Koala in a gumtree beside the Forts walking track

We visit Magnetic Island several times per year, often to share its pleasures with visitors from other parts of the country or overseas. Two of each were in town this week and we walked up to the Forts with them yesterday morning before spending the early afternoon around Alma Bay and Geoffrey Bay; I came home with enough wildlife photos to be worth sharing with a wider audience, so here they are.

half a dozen brown bats

Microbats clinging to the ceiling of a WW2 building

Five different species of microbats (i.e. not flying foxes) are listed for the Island. These may be Little Bentwing Bats but I’m not at all sure because I see bats so rarely. The whole cluster is only about 100 mm across.

lizard with orange head

A small skink beside the Forts track

Skinks are more familiar to most of us than bats but present a greater identification challenge: twenty species have been recorded on the Island, Steve Wilson devotes one third of his excellent  Field Guide to Reptiles of Queensland to “this large family” without saying how large it is, and Australian Geographic reckons there are nearly 400 species in Australia.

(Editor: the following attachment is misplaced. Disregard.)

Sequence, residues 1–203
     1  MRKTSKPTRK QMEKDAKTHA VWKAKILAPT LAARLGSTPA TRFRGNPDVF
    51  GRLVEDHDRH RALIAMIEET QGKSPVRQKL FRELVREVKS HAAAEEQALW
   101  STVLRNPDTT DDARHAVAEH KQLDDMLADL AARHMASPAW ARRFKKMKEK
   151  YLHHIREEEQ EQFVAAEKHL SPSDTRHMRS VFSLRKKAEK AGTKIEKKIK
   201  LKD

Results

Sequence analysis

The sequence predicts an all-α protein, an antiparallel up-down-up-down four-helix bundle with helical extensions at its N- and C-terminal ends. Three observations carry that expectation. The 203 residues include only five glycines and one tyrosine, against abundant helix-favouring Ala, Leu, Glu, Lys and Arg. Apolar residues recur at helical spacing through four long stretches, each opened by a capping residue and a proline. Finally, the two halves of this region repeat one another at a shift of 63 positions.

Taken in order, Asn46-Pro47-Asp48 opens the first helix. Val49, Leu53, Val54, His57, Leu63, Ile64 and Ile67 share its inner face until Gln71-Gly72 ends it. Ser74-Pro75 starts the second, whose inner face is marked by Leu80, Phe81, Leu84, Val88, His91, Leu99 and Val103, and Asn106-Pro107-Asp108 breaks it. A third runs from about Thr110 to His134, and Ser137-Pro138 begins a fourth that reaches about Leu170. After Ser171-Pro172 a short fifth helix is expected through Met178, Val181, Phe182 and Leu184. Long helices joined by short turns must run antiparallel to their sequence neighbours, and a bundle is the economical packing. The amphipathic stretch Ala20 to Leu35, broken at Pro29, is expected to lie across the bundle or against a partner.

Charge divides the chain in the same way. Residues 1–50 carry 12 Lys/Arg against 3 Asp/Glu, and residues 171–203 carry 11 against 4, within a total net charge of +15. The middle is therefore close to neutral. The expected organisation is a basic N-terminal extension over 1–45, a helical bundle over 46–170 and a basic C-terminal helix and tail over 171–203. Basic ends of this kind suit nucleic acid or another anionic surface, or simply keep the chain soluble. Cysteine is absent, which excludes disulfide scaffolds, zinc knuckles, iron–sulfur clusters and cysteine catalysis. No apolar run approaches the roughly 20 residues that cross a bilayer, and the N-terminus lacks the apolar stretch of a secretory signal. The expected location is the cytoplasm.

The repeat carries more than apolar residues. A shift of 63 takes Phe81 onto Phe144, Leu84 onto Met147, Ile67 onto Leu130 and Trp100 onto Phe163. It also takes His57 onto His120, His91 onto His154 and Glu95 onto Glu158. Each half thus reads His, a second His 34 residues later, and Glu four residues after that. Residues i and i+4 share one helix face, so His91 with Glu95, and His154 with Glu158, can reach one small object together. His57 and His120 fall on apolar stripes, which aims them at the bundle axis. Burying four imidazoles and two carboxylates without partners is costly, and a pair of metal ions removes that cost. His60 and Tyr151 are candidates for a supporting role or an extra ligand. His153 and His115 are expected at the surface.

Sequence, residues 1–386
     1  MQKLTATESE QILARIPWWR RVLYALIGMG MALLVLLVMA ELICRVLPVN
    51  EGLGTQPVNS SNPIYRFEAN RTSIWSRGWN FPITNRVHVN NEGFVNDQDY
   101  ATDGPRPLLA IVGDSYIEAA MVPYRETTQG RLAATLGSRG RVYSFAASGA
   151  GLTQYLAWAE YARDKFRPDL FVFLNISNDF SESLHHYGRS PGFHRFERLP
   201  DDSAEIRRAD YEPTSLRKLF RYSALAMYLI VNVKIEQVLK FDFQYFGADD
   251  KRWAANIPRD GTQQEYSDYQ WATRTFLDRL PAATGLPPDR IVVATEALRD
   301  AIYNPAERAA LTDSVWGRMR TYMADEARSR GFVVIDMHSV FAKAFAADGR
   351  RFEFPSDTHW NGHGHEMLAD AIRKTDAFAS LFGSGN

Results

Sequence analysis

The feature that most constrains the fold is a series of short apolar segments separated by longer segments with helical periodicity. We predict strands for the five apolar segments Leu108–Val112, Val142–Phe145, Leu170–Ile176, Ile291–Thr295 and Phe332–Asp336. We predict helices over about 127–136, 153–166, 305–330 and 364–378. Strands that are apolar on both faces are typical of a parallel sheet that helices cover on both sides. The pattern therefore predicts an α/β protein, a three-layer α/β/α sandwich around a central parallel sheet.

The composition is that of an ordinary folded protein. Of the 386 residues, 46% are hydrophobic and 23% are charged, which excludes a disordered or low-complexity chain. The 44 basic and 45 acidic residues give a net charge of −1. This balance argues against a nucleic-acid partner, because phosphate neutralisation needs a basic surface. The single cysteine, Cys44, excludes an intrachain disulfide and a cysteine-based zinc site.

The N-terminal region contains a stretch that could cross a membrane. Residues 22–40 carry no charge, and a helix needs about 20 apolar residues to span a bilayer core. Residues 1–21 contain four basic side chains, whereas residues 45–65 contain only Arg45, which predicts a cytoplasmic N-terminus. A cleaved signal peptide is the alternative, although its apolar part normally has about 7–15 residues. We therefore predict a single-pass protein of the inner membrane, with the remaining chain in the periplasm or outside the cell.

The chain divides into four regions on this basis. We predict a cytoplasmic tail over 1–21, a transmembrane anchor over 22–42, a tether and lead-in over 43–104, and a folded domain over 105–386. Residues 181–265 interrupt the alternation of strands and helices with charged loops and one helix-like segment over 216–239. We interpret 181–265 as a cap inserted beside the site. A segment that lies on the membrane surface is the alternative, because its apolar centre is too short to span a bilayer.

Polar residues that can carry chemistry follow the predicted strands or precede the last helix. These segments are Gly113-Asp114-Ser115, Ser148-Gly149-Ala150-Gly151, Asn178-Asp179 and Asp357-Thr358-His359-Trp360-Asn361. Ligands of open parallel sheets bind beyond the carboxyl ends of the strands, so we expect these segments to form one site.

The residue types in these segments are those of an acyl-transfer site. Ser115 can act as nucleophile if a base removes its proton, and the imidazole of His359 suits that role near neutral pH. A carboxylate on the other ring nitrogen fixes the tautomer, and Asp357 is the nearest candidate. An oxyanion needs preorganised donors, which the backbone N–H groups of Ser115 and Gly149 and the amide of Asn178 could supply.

So far everything has been perfectly harmless, even the enormous Golden Orb-weaver whose net spanned our path (I wrote about them here and won’t repeat myself) and our English visitors were beginning to think that our gleeful stories of dangerous tropical wildlife were entirely fanciful. They weren’t, of course – we do have crocodiles, sharks and box jellyfish, even if we don’t really have drop-bears – but the most dangerous animals we saw on our walk were insects: